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Regrettable loss of talent.
This was a phrase I heard recently and for some readers it will be something you are all too familiar with.
Closed borders, coupled with the state sector pay freeze, overlay that with the private sector willing to pay whatever it takes.
For some sectors, regrettable loss seems inevitable. Non-sector-specific, loss also arises when people sit around their kitchen tables trying to manage work with home schooling and juggle financial pressures arising from the partner’s reduction in hours. The final straw is an email demand from a co-worker, who in between Zoom calls has organised every aspect of their house and photo albums, because their only additional lockdown demand is how to survive without their favourite barista.
There’s nothing like a pandemic to make you think closely about the work you are doing and the people you are doing it with. Indeed, for some it will prompt consideration of if they even want to do it at all. And with that, a call is placed to a recruitment firm to test what’s out there and from that moment, your firm is now in a competition for talent.
Let’s assume in this contest that we put financial recompense to the side. That we accept it is a negotiation point. Beyond money and various benefits offered, what does employment inside your organisation look like and are you positioned well to keep the people who matter most? Importantly, how do you know?
The most dangerous negotiation is the one you don’t even know you are in. Your board papers should be rich with information that enables you to develop an understanding of your organisation’s culture and its commitment to its people. From there your questions can help identify areas for further focus.
You might have some type of scoring system, an employer net promoter score or some other mechanism to take a pulse check of your employees. Consider what the trends show and look at the participation rate. There is nothing like a bit of anonymity to have the truth laid bare. What is your turnover rate, how has it changed and have you satisfied yourself that management has considered exit interview data appropriately.
Diversity is a hot topic. As a board, you might even discover some unconscious bias — have you considered what it means and if it’s adequately addressed? How about your chief executive’s remuneration compared with the average fixed and lowest remuneration inside the business? Is that a ratio you have considered?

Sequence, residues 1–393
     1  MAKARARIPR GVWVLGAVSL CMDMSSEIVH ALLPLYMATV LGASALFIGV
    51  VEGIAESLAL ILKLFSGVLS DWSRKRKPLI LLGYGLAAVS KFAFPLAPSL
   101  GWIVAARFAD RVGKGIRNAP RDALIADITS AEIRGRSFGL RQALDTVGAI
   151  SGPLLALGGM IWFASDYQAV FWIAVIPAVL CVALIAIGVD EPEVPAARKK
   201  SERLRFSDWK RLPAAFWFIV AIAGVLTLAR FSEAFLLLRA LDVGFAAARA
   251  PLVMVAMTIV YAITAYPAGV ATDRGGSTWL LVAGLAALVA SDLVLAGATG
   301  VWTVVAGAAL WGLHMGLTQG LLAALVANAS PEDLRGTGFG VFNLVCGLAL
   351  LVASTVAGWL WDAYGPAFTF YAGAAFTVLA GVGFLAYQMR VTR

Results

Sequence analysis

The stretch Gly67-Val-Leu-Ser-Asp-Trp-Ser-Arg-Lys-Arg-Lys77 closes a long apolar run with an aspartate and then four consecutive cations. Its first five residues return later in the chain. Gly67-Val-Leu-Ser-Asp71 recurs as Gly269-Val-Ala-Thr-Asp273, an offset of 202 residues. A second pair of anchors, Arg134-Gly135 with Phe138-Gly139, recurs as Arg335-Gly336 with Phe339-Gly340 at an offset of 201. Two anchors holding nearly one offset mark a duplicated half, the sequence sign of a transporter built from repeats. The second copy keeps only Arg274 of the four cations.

We scream safety but whisper health. What does your employee assistance programme data look like and has your company sought to build resilience through appropriate training opportunities? Covid is demanding; people are tired. Now is the time to really think about wellness.
What about talent development? Does that training spend seem adequate when you peruse the budget? Is investment solely reserved for those who show leadership potential — accelerated learning, rich, rewarding experiences that the masses are not privy to?
Or maybe your business recognises that disruption and the pace of change requires everyone to continually upskill. Has management created an environment where lifelong learning is championed through the ranks and teams coach each other to grow and succeed? Innovation if allowed can arise from anywhere inside a business.
How is service recognised and celebrated? Loyalty may have evolved with few now in a job for life, but does tenure mean anything inside your business? How about those that go above and beyond? Are they identified and celebrated with their achievements recognised among their peers?
Has flexibility been embraced and barriers removed, where practicable, to enable a balance between office and homework environments? When movement between alert levels occurred, did your business empathise with the juggle families faced? Did they carve out no-meeting zones between noon and 2pm so families with children could pause and take a breather? Upon the Prime Minister’s announcement and people’s return to work did your business thank and acknowledge the perseverance shown by employees in uncertain times as they juggled their increased power bill among other working-from-home demands?
Finally, look at your bottom line, the number of widgets you sell, whatever shape that takes. Has your full-time-equivalent number adjusted or did shareholder value rise a little faster because, well, you know, ‘people are lucky to have a job right’? Wrong. Maybe today, you are lucky to have people. That includes the executive you see month after month.
Your job is not to send management away with an impossible task list to complete. Your job is to support your chief executive and to lead by example. So my advice is endeavour to live without regrettable losses. Lay the foundations of culture and commitment to people in every action you as a governor take.
And encourage your management to take the actions which mean you remain the company people choose to work for.
- Trish Oakley is chairwoman of the Otago-Southland branch of the Institute of Directors (IOD). This article is her opinion only and not intended as governance advice. The IOD is the professional body for directors and is at the heart of New Zealand’s governance community.